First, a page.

Melvin Oliver: Bee man extraordinaire


Pat Haley - Contributing Columnist



The John Deere started right up after a long winter in the garage. There wasn’t a cloud in the blue sky, and the lawn tractor was purring. So was I. It was good to be outside mowing in the beautiful June weather.

As I maneuvered the tractor, I was daydreaming. I remembered that Brenda and I had decided when we moved in, to give our property a name. “Why don’t we call it Summer Wind, after the Frank Sinatra song?” Brenda asked.

So, on this particular spring day, I was driving around the front lamppost at Summer Wind when I saw a honey bee fly past my head. Several more dived at me as I drove down the hill. I stopped the tractor, turned around, and saw two black swarms of hundreds if not thousands of honey bees near the downspout next to our front porch. The buzzing was loud and the flying was frantic, as they were busily building a comb inside the overhead porch.

A few days later, I walked out front to survey the bees. To my surprise, the number of bees had doubled. Several flew at my head like dive bombers toward a sinking ship.

Brenda came outside and immediately said, “We really need to call someone to come and get these bees out of here. We cannot allow them to burrow into the house.”

Shortly, I went inside and called local bee keeper, Richard Stewart. “Richard, we have bees swarming near our front porch and they are flying around like crazy. Would you come and help us?” I asked.

Within an hour, Richard and his son pulled in front of our house. He surveyed the ever-growing swarm, scratched his chin and said, “This will be a big job. Probably bigger than I have time to do, but I know a man who will likely help you,” he said.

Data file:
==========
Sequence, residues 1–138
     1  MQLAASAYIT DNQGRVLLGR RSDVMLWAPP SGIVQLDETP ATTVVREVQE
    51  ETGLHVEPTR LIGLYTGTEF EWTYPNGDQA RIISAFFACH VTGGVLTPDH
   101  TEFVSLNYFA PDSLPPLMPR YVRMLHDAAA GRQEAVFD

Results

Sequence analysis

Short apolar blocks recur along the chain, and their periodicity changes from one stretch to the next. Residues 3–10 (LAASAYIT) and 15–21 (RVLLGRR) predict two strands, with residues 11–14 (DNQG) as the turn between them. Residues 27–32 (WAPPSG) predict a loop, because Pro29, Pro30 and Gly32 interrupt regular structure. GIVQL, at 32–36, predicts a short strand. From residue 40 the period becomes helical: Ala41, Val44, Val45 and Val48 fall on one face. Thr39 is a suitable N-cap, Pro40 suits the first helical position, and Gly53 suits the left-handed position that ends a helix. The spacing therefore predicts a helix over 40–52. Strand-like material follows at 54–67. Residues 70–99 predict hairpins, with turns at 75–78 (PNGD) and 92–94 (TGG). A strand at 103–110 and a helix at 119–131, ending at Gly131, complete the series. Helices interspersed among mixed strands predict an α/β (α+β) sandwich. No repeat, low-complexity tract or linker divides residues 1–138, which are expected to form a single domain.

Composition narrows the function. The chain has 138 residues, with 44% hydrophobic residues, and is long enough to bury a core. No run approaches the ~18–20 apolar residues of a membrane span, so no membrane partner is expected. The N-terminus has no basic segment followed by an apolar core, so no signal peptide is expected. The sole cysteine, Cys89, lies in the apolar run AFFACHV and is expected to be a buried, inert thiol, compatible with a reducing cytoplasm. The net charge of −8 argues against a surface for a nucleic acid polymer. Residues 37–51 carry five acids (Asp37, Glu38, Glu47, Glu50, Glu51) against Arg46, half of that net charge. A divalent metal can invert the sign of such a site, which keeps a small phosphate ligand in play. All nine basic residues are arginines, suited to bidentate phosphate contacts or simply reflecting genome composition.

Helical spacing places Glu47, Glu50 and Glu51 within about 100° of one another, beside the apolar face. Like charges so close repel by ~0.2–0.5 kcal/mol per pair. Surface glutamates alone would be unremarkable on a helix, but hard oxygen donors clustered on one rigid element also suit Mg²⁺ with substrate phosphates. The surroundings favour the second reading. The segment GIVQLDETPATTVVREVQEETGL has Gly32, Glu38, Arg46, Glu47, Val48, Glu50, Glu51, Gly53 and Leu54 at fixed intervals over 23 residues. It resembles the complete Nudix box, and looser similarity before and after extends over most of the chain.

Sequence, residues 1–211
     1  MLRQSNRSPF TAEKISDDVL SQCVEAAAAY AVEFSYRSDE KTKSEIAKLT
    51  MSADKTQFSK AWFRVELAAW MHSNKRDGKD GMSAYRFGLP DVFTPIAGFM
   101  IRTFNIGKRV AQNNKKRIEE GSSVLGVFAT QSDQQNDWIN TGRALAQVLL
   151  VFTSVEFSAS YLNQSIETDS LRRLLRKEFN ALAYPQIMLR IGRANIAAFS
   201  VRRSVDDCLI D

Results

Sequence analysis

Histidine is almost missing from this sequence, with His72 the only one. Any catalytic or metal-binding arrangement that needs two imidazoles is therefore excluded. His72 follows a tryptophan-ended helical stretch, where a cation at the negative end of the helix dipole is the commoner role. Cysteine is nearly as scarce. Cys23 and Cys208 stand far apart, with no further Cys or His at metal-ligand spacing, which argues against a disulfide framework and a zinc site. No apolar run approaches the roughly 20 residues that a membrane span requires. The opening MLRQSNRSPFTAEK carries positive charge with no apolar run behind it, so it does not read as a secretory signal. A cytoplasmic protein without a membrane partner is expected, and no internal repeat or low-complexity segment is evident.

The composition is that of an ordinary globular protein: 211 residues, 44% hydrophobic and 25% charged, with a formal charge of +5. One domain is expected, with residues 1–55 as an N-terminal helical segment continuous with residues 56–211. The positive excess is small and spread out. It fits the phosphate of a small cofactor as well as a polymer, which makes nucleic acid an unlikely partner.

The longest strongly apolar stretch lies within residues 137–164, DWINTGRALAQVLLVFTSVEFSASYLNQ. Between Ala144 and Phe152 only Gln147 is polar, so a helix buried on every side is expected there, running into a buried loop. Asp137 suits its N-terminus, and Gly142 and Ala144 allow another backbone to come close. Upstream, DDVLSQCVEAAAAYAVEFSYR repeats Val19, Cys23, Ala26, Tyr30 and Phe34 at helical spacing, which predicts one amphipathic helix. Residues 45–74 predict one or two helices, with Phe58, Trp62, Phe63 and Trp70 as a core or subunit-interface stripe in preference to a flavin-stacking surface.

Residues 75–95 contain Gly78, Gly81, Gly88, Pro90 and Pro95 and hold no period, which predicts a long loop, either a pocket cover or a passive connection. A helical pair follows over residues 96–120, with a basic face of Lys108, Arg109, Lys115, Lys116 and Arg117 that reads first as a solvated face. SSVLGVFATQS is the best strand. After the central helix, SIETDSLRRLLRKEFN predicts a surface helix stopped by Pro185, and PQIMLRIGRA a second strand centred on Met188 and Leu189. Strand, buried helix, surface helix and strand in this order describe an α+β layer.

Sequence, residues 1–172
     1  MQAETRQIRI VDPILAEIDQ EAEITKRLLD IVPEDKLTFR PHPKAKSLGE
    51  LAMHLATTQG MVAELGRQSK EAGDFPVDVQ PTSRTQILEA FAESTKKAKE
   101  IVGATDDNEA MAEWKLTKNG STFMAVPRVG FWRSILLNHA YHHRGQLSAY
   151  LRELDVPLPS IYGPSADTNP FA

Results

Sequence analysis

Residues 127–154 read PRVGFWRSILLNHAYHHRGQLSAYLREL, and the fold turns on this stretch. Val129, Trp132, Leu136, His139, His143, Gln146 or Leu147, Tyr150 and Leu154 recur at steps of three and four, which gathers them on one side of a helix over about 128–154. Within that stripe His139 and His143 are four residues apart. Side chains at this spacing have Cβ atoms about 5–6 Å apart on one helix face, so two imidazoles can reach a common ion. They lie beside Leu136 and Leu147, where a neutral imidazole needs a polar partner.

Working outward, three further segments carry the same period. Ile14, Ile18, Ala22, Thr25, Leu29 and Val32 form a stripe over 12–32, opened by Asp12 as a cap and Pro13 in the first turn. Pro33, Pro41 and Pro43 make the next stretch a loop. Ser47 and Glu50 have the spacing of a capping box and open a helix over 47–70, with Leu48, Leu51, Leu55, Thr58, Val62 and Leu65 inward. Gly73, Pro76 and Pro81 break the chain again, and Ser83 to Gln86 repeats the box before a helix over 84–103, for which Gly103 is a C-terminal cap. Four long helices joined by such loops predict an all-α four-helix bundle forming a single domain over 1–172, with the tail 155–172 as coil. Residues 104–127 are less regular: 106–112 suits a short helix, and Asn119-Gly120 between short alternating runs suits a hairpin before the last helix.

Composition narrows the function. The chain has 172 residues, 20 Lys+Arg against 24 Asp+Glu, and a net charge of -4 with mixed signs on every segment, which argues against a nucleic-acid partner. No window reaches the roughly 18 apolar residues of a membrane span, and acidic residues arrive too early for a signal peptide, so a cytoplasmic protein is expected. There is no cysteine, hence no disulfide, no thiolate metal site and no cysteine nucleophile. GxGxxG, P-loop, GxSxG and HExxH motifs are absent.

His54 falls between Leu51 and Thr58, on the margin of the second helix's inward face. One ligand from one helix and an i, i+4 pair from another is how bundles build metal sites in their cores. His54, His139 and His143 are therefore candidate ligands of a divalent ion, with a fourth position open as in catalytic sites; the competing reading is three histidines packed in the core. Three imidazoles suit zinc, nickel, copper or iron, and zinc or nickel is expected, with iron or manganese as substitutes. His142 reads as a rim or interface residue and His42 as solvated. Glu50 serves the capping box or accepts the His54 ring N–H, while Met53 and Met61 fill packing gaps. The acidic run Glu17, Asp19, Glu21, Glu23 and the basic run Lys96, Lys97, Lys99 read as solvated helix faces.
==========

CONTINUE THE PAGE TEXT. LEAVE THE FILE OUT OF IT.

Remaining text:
Two hours later, we heard a knock at our front door, we saw a tall, pleasant looking man. As I opened the door, he outstretched his large hand and said, “Hello, my name is Melvin Oliver, and Richard Stewart said you needed some help with bees.”

“We sure do, Mr. Oliver. As you can see, they are taking over the front porch,” I replied.

“Let me see what I can do,” he calmly said as he put on his bee helmet and gloves.

Melvin knows his bees. He assessed the problem and said, “I can’t promise, but think I can help you. Now, it may take several weeks, or even a month or so, but I am pretty sure we can get rid of the bees for you.

Melvin first covered the holes with large black plastic tape. Then, he placed a tin funnel into the hole with the small end sticking up toward the sky.

Each day there were fewer bees. Three weeks went by and we believed the bees were finally gone. Unfortunately, the next day they were back. Two new swarms were around the downspout, and now were burrowing under the light in the center of the porch.

Melvin came back and said that he would need to repeat his process. After a few days, it appeared the bees were gone again. Two or three days later they returned. The pattern kept repeating itself.

One evening while Melvin, who hails from Hyden, Kentucky, was suiting up to inspect the bees, he told Brenda and me a story.

He said that he and several of his friends from Kentucky like to go into the mountains to hunt squirrels, and for supper every night they eat hogs’ heads. He said they go deep into the woods, a couple of hours away from the nearest town.

One year his preacher decided to go with the group. They had been there three days, and each evening they had cooked and eaten a hog’s head. Once there were no more hogs’ heads, the preacher said he was going home.

“Why are you leaving, Preacher?” Melvin asked.

“When you run out of hogs’ heads, there is no reason for me to stay,” the Preacher said with a laugh as he started the long walk back to civilization.

“I think he worries about his cholesterol,” said one ole boy from the hills. “If my momma knew we had cholesterol she probably would have fried it, too.” They all laughed.

We returned to the subject of bees and Melvin said, “Pat, I just figured out the problem. As the crow flies, I only live about two miles from you all. When I take the bees home and turn them loose, those little critters are turning right around and flying back to your front porch.”

Melvin said he was going to collect the next batch of bees and take them further away before he released them, and see if that would deter the bees from returning to our front porch.

The next morning the bees were gone.

If you want to rid yourself of bees, call Melvin Oliver. Just like the folks at Summer Wind, you will be glad you did.

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Pat Haley

Contributing Columnist

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